One of the grounds for a new trial was that pending the deliberations of the jury and while they were in the custody of the sheriff one of the jurors was separated from the rest of the panel and remained so for some fifteen minutes. The facts with reference to the separation were about as follows: After the evidence was all in the court adjourned for supper and the sheriff took the jury in a body to the jail to give them supper. While in the jail and after supper, one of the jurors went to the toilet inside the jail and about 25 feet from the other jurors. While this juror was in the toilet, the sheriff took the jury in a body back to the courthouse, locking the jail as he left. When they arrived at the courthouse it was discovered that one of the jurors was missing. The sheriff immediately took the 11 jurors back to the jail, unlocked it, and found the twelfth juror alone, and then took them all back to the courthouse in a body. The juror testified that he saw no one and had talked to no one about the case, or about anything else during the separation. The whole question was investigated by the trial judge on affidavit and otherwise.

It is the law that when the defendant has shown that the jury separated pending the trial, the burden is cast upon the state to affirmatively show that no injury resulted. This is a question primarily for the trial judge, who has all the parties before him and is in a better position to judge than this court. Every presumption will be indulged in favor of his finding, especially where a part of the testimony is taken ore tenus.

If it appears that the defendant was not injured by the separation of the jury, this court will not reverse the trial judge for failure to grant a new trial on that ground. Melton v. State, ante, p. 265, 158 So. 196; Payne v. State, 226 Ala. 69, 145 So. 650; Cobb v. State, 18 Ala. App. 556, 93 So. 225.

Since the trial of this case one of the jurors has become insane, and defendant insists that such juror was so insane at the time of trial. The court took testimony on this question and found that at the trial the juror was sane. We will not disturb this finding.

Another insistence of defendant is that one of the jurors rode to town on the morning of the trial with a kinsman of the dead man. It transpired that one Newton and Earnest Fulks had a puncture and that Earl Springer, who was afterwards selected as one of the jurors to try this case, came by in his car, picked them up, and brought them on to town, and that no conversation took place between them as to the case against the Williams'. These questions were carefully and fully investigated by the trial court, and we see no reason to disturb his finding.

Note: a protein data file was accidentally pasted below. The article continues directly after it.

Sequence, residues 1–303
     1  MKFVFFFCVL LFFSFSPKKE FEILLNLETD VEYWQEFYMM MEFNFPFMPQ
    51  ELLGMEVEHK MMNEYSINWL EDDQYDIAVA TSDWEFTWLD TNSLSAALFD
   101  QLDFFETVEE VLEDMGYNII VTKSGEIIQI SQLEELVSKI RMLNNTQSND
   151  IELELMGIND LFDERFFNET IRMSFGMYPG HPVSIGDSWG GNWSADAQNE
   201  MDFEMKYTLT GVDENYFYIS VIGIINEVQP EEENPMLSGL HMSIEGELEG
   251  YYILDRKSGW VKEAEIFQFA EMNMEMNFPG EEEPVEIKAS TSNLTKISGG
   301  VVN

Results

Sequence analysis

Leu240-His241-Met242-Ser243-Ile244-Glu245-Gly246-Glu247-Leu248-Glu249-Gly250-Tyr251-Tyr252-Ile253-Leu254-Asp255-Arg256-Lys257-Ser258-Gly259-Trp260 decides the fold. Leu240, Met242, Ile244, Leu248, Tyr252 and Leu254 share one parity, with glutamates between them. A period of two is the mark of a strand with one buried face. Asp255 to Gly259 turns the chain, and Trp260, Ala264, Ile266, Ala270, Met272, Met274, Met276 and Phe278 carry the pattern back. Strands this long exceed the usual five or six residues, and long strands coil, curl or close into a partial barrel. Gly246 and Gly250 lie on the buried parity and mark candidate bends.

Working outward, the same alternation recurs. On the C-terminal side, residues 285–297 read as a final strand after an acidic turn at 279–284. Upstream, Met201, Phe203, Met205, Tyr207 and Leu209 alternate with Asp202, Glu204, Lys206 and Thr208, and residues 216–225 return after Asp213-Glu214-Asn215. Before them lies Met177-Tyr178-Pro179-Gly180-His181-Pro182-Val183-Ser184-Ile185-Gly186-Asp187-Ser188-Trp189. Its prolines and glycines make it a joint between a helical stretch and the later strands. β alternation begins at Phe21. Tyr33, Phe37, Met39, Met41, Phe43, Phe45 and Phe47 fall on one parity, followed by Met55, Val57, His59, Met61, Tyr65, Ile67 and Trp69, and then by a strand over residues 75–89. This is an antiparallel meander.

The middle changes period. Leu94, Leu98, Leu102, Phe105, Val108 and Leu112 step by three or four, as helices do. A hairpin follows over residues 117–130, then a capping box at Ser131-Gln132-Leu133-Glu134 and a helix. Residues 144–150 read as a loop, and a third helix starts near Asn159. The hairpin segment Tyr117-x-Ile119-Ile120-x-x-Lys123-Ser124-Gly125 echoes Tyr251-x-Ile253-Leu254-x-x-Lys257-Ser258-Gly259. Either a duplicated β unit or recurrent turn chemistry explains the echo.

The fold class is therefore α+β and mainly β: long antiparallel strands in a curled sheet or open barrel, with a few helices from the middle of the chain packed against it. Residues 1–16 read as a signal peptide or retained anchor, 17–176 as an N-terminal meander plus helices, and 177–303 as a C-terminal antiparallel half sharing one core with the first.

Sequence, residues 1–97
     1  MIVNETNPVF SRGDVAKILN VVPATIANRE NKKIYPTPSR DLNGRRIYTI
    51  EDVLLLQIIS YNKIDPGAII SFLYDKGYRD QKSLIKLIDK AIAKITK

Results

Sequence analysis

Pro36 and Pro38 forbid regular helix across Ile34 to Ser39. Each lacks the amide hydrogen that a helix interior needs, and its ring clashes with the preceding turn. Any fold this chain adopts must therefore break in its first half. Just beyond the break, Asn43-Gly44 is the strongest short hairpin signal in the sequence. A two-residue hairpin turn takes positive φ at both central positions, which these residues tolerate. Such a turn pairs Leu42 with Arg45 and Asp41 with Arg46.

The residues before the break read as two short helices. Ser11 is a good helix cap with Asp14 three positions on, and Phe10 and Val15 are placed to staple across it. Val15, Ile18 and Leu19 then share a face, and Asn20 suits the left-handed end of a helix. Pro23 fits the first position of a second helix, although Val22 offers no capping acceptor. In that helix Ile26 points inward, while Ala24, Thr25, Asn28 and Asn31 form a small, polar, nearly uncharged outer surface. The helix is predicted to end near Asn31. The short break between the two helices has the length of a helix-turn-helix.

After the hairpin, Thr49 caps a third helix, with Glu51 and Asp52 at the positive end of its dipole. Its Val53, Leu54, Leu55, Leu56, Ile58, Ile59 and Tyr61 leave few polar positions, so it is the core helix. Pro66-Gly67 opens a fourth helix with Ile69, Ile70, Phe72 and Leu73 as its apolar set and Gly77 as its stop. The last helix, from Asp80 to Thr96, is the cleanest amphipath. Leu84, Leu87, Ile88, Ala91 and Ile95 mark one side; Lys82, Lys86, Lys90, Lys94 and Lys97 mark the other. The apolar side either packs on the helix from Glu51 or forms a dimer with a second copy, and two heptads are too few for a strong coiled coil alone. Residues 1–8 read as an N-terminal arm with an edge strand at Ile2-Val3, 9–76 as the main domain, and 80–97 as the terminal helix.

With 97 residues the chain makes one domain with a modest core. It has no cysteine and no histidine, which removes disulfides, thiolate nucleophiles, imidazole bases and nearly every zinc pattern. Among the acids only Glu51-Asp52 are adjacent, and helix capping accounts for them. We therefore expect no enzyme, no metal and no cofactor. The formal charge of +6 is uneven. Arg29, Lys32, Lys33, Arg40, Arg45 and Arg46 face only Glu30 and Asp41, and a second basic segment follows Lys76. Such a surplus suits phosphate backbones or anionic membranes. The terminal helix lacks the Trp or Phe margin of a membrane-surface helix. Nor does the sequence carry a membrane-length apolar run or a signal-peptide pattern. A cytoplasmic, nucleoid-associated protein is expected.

The charge of the court was entirely too favorable to the defendant. In charging on self-defense the court charged the jury that defendant was under no duty to retreat because the evidence without conflict showed that at the time of the shooting defendants were on their own land, and then added: "The law does not require a defendant to retreat if he is on his own premises." That never has been, is not now, and this court expresses the hope that it never will be, the law. The only time a man is not required to retreat rather than to take human life is when he has "backed to the wall," or "to the ditch," or when he is within the curtilage of his own house, which is his castle. Carter v. State, supra; Lee v. State, supra.

In the case at bar there was never a time when by retreating the defendant could not have prevented this homicide, and the court's charge gave to the defendant the advantage of a defense to which he was not entitled.

Other exceptions are examined and found to be without merit.

There is no reversible error in the record, and the judgment is affirmed.


Summaries of

Williams v. State

Court of Appeals of Alabama
Aug 27, 1935
163 So. 663 (Ala. Crim. App. 1935)

In Williams v. State, 26 Ala. App. 531, 163 So. 663, at page 664, it was said: "When declaration is reduced to writing, read over to and approved by declarant, document becomes primary evidence, and parol proof thereof will not be received without first accounting for written document; but in order for document to become primary evidence it must appear to be the intelligent act of declarant."

Summary of this case from Gray v. State
Case details for

Williams v. State

Case Details

Full title:WILLIAMS v. STATE

Court:Court of Appeals of Alabama

Date published: Aug 27, 1935


163 So. 663 (Ala. Crim. App. 1935)
163 So. 663